This section requires a plan for disposition for each Guantanamo detainee, particularly the name of the facility intended to be used for any detainee to be transferred to the United States.
If the plan is approved, a Guantanamo detainee could be transferred to the United States for military or civilian detention, trial, and incarceration. To transfer the detainee to the United States for continued military detention, the Secretary must provide 30 days’ notice to Congress of such a transfer, similar to the notice GAO determined the Obama administration violated when it transferred five Taliban detainees out of Guantanamo last year.
This section goes on to provide that any Guantanamo detainee transferred to the United States shall not have a change in his designation as an unprivileged enemy belligerent as a result of such transfer. The section then says a Guantanamo detainee transferred to the United States “shall not be released within the United States” and may only be transferred in accordance with the law governing transfers.
Provides the law governing transfers overseas prior to approval of any plan, by reinstating and modifying certain previous certification requirements. It requires the secretary to certify, among other things, that the foreign entity to which the detainee is to be transferred has agreed to take effective actions to ensure the individual cannot threaten the United States and cannot engage or reengage in any terrorist activity. It prohibits the transfer of a detainee to a country with a prior case of confirmed recidivism where an individual transferred to that country from Guantanamo has subsequently engaged in any terrorist activity. This section provides waiver authority for some of these certification requirements and the recidivism restriction. The section goes on to provide in making these assessments the secretary is authorized to give favorable consideration to any such detainee who has substantially cooperated with U.S. intelligence and law enforcement authorities and mechanisms remain in place to provide for continued cooperation if necessary.
If Congress approves a plan regarding the disposition of Guantanamo detainees, section 1032 revives current law and section 1033 would “expire,” as the committee pointed out in report language. This would include covering transfers of detainees who had been moved from Guantanamo to the United States. Current law outlines factors the secretary should consider in making a transfer determination (rather than a certification requirement). Those factors include the security situation in the country to which the detainee is to be transferred, recidivism cases, and actions taken and assurances given by the foreign country in addressing the transferee’s ability to threaten the United States or (re)engage in terrorist activity.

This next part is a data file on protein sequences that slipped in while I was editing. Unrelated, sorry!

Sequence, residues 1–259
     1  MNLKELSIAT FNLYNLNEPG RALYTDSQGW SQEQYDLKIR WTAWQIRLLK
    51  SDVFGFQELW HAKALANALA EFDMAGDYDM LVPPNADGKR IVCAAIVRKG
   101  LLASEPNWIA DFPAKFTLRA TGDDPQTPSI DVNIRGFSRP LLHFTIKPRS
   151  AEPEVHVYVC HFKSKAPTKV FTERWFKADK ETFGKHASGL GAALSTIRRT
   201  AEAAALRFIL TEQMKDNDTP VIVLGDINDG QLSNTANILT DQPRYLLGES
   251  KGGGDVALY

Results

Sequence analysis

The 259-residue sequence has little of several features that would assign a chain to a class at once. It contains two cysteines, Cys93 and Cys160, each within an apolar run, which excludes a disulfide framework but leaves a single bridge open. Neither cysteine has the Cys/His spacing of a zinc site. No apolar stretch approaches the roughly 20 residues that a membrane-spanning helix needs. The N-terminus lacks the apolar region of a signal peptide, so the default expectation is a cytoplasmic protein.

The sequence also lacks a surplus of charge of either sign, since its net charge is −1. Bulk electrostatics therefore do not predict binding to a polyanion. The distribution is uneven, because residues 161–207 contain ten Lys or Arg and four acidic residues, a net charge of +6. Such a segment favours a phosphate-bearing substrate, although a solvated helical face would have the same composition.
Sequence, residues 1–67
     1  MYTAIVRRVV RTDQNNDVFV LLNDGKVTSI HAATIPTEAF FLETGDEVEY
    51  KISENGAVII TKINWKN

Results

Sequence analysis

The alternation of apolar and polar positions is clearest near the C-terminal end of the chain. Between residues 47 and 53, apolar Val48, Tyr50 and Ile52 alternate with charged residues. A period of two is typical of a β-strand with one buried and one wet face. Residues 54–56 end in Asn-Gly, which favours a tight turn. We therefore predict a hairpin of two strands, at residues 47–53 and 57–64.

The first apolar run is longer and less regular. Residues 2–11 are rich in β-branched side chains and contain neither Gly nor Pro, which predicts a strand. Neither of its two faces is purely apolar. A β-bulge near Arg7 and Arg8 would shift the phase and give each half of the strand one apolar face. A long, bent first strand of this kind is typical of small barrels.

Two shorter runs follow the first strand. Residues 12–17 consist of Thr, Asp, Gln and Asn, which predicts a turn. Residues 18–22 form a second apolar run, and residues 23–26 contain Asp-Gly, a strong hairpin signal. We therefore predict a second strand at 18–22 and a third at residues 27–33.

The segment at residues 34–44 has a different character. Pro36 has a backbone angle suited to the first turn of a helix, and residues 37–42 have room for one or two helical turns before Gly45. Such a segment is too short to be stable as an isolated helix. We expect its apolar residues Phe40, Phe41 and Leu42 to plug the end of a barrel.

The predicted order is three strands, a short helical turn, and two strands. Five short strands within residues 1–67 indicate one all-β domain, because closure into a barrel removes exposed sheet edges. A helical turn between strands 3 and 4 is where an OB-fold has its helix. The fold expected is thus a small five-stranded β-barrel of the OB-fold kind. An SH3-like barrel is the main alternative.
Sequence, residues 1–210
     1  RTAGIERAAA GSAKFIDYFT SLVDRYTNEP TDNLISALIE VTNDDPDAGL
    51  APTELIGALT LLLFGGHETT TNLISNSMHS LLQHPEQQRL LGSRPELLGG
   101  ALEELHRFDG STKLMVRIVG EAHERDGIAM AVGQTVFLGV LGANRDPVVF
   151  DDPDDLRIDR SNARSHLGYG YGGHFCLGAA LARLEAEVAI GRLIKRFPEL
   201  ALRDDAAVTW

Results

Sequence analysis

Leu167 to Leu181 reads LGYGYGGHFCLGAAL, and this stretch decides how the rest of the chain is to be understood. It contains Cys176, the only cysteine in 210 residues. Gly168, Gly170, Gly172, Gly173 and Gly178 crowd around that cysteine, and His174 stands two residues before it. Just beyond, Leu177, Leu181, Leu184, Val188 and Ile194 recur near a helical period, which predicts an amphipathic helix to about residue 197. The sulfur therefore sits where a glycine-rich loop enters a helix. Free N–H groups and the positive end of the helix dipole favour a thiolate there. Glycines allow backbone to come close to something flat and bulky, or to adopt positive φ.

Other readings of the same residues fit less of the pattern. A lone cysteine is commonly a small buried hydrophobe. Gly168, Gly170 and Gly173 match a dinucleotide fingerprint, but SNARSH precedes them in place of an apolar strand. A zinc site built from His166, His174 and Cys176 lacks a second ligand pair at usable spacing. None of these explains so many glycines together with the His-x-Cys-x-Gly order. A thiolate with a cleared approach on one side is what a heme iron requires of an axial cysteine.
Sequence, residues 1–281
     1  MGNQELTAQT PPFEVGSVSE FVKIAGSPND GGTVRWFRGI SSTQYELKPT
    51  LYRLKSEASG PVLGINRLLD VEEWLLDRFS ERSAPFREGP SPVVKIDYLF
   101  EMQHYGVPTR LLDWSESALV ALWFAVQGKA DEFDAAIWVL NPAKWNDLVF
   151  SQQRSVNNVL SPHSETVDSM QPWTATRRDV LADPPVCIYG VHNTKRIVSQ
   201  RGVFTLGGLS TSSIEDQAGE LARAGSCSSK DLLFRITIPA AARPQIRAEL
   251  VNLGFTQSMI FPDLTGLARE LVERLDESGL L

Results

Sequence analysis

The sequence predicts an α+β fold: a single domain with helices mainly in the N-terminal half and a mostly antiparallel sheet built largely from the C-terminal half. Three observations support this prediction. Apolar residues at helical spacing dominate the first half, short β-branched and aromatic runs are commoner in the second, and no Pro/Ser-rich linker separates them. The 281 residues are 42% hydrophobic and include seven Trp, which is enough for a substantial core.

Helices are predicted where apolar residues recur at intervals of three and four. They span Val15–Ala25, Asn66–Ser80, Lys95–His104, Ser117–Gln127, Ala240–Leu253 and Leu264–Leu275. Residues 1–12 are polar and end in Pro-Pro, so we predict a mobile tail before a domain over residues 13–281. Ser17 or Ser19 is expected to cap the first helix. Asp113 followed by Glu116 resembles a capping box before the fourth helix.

Prohibits the transfer of a Guantanamo detainee to Yemen.
Requires a report providing the names of Guantanamo detainees Joint Task Force Guantanamo has assessed at any time before the date of the report to be a high-risk or medium-risk threat to the U.S.
Requires a report on terrorist organization use of images and symbols relating to the Guantanamo detention facility or any Bureau of Prisons detention facility for recruitment or propaganda purposes.
Authorizes the secretary to use up to $75 million to assist U.S. Customs and Border Protection in increasing efforts to secure the southern border, to include deployment of regular and reserve components of the armed forces, manned aircraft, and unmanned aerial surveillance systems. The statement of administration policy “strongly objects” to this provision.
Title XI – Civilian Personnel Matters
In report language the committee directed the secretary to complete a study comparing the costs between department civilian personnel and contractors of performing functions.
Title XII – Matters Relating to Other Nations
Authorizes until the end of fiscal year 2018 the use of up to $100 million annually to provide logistics support, supplies, and services to allied military forces conducting counterterrorism operations in Africa.